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Caseous Lymphadenitis???? Expand / Collapse
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Posted 4/27/2008 1:33:56 PM


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Today I noticed that one of our Does had an open spot on her neck with a thick pus discharge.  She is nursing a kid, which I promptly removed from the pen.  I am thinking that she has Caseous Lymphadenitis...we have only had goats for about a month so wondering what information I could get from experienced goat owners?

From what I have read online there is no cure for it???  And it is very contagious.  What do I do with her kid?  Keep him seperated from her?  I am guessing that he is about 6 weeks old...we got them from a sale barn (yes, maybe not the best place to get them from but they are cute and friendly)

Thanks for any help with this! 

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Thanks!!!

Post #1270
Posted 4/27/2008 9:42:12 PM


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PaintedPastures (4/27/2008)
Today I noticed that one of our Does had an open spot on her neck with a thick pus discharge.  She is nursing a kid, which I promptly removed from the pen.  I am thinking that she has Caseous Lymphadenitis...we have only had goats for about a month so wondering what information I could get from experienced goat owners?

From what I have read online there is no cure for it???  And it is very contagious.  What do I do with her kid?  Keep him seperated from her?  I am guessing that he is about 6 weeks old...we got them from a sale barn (yes, maybe not the best place to get them from but they are cute and friendly)

Thanks for any help with this! 

Oh, bad news. CL is very nasty indeed. You'd be wise to take a sample of pus to your vet and send it off to be cultured. If it is CL you'll probably want to vaccinate your other does ASAP. Unfortunately, there are no CL vaccines labeled for goats but many goat owners swear by Case Bac, a vaccine manufactured for sheep. That's what I would do in your situation, but since using Case-Bac to vaccine goats is off-label use, you should discuss it with your vet before you do it.

But first, I suggest you log on to this Web page: http://lazyjboers.com/ljcl.html After reading it, if you still have questions, email the author (Judy Muska) via that Web site. She's a nice person who goes the extra mile to help any goat person in need and she knows more about CL than any dozen vets I know of. :o)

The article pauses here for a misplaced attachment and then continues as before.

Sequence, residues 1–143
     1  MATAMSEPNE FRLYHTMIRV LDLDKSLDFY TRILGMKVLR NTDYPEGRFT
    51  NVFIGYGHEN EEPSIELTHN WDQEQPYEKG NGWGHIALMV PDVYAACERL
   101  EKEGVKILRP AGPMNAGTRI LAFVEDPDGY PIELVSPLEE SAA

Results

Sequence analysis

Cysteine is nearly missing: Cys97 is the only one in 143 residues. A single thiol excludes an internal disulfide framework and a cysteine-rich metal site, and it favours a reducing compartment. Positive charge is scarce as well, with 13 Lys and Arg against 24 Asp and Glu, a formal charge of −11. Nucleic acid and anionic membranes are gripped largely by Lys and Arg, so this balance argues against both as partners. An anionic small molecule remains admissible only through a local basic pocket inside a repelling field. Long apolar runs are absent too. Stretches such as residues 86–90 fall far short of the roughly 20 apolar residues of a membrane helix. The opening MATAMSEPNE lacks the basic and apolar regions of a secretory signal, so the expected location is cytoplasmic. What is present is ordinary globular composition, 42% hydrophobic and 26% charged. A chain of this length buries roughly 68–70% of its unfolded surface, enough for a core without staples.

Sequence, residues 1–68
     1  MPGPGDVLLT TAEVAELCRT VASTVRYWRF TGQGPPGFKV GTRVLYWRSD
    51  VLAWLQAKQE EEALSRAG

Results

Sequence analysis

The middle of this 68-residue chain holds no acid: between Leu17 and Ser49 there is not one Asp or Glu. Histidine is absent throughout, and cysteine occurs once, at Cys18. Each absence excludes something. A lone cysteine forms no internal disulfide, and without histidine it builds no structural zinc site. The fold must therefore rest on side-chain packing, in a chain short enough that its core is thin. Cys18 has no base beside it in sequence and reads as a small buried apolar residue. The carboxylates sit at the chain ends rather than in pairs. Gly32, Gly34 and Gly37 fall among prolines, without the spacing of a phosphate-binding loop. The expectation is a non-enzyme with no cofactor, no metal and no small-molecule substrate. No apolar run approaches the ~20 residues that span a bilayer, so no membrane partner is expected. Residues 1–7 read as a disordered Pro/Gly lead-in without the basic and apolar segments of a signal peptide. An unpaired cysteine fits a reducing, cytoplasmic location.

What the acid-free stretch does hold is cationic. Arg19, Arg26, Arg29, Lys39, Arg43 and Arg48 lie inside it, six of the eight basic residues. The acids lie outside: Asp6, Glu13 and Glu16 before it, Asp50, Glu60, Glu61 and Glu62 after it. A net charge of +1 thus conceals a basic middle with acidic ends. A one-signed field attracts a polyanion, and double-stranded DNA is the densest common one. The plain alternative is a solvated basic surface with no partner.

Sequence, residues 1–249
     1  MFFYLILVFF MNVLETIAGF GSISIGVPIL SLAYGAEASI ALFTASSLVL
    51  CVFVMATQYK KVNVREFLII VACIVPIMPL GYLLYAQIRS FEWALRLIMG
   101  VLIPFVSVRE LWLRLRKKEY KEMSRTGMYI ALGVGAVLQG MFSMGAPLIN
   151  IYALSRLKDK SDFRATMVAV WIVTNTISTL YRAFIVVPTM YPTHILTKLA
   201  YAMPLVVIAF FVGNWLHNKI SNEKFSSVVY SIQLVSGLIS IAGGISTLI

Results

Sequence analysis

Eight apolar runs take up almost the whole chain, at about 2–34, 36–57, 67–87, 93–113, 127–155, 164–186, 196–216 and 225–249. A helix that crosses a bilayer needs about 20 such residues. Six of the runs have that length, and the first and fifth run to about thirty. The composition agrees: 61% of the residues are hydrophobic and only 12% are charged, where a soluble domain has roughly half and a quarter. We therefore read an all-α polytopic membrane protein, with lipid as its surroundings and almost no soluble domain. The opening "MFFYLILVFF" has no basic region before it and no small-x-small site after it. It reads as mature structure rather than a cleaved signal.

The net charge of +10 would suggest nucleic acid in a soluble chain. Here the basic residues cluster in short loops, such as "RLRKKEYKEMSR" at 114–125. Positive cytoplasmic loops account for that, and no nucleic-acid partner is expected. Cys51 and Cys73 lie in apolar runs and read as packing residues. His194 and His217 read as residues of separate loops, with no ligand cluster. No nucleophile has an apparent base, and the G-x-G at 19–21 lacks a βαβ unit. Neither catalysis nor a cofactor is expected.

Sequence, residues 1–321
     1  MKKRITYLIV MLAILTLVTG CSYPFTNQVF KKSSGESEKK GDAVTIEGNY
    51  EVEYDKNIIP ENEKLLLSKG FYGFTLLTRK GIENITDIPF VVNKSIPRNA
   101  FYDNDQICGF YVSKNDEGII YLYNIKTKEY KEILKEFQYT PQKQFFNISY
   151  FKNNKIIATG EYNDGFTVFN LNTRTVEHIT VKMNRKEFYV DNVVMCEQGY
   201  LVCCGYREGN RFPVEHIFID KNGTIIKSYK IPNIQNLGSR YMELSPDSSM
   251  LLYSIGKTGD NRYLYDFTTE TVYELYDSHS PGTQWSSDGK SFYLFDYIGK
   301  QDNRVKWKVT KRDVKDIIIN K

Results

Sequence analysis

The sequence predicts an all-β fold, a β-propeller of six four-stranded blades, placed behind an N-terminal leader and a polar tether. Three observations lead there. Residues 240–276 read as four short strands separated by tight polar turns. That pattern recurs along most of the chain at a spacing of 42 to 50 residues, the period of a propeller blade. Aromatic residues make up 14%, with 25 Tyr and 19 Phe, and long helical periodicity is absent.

For a more traditional approach, here are some additional Web sites to visit, but after reading them, don't necessarily decide to euthanize your goat if she does have CL. Like Judy says in her online article, it can't be cured but it can be managed.

Caseous Lymphadenitis at the Merck Manual www.merckvetmanual.com/mvm/index.jsp?cfile=htm/bc/10801.htm

Caseous Lymphadenitis in Sheep and Goats www.vet.ksu.edu/depts/ClinicalSciences/agpract/articles/Caseous_Lymph.pdf

Caseous Lymphadenitis in Goats and Sheep (good photos here) www.aces.edu/pubs/docs/U/UNP-0085

Keep in mind that it rarely happens but humans can catch this disease from animals, so be very meticulous about wearing gloves when you treat your goat's abscess.

Unfortunately, CL is one of the best reasons not to buy sheep or goats at sales barns. In fact, it's easy to bring it home on your shoes or boots if you're not exceedingly careful. :o(

I hope this helps.

Sue

Post #1273
Posted 4/28/2008 5:44:07 AM


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Hi Sue~

Thanks so much for the information!  I have a lot of reading to do. 

I have the doe in a small enclosed pen, what advise to you have on the bedding?  Burn it when we need to change it?  I usually put the bedding on the garden or compost it, but dont want to do that with this bedding.  Something else that I havent come across is cleaning her water bucket/feeder.  Should I clean them with bleach water daily?  Or does anything "kill" this nasty stuff?

Thanks again~Christine

See my custom show clothing at
http://paintedpasturescreations.googlepages.com/

Thanks!!!

Post #1275
Posted 4/28/2008 6:24:43 AM


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PaintedPastures (4/28/2008)
Hi Sue~

Thanks so much for the information!  I have a lot of reading to do. 

I have the doe in a small enclosed pen, what advise to you have on the bedding?  Burn it when we need to change it?  I usually put the bedding on the garden or compost it, but dont want to do that with this bedding.  Something else that I havent come across is cleaning her water bucket/feeder.  Should I clean them with bleach water daily?  Or does anything "kill" this nasty stuff?

Thanks again~Christine

I'd burn it. Also, once this is resolved, very, very carefully disinfect every surface she might have touched. If it were me, I'd definitely disinfect her bucket if it looks as though it's been touched with discharge. And remember, wear gloves! :o)

CL is an ongoing, somewhat volatile subject at some of the YahooGroups goat lists so I've gleaned most of my knowledge from reading the type of resources I sent you and posts at these lists. Some owners are very outspoken about killing any infected goat and others are just as adamant about managing the problem so the infected goat can live, while protecting the rest of the herd. I'd have to do the latter, so I'm really careful about searching for signs of CL before adding a goat or sheep to our farm. However, many carriers don't pop up abscesses unless they're stressed, so even that isn't 100%. Testing is the only way to know for reasonably certain and many breeders don't test. 

Sue

Post #1277